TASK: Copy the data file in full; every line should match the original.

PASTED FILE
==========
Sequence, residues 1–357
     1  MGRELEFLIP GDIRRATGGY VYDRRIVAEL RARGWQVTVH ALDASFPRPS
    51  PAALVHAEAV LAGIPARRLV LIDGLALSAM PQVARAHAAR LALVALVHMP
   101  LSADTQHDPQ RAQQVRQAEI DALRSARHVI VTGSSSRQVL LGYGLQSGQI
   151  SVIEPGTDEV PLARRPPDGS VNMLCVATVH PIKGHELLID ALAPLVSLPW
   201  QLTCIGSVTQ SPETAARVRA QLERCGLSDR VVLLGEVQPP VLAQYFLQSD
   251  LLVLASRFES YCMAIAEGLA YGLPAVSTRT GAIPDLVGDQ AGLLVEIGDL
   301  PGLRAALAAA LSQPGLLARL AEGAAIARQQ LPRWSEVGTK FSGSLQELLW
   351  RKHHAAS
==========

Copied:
Sequence, residues 1–357
     1  MGRELEFLIP GDIRRATGGY VYDRRIVAEL RARGWQVTVH ALDASFPRPS
    51  PAALVHAEAV LAGIPARRLV LIDGLALSAM PQVARAHAAR LALVALVHMP
   101  LSADTQHDPQ RAQQVRQAEI DALRSARHVI VTGSSSRQVL LGYGLQSGQI
   151  SVIEPGTDEV PLARRPPDGS VNMLCVATVH PIKGHELLID ALAPLVSLPW
   201  QLTCIGSVTQ SPETAARVRA QLERCGLSDR VVLLGEVQPP VLAQYFLQSD
   251  LLVLASRFES YCMAIAEGLA YGLPAVSTRT GAIPDLVGDQ AGLLVEIGDL
   301  PGLRAALAAA LSQPGLLARL AEGAAIARQQ LPRWSEVGTK FSGSLQELLW
   351  RKHHAAS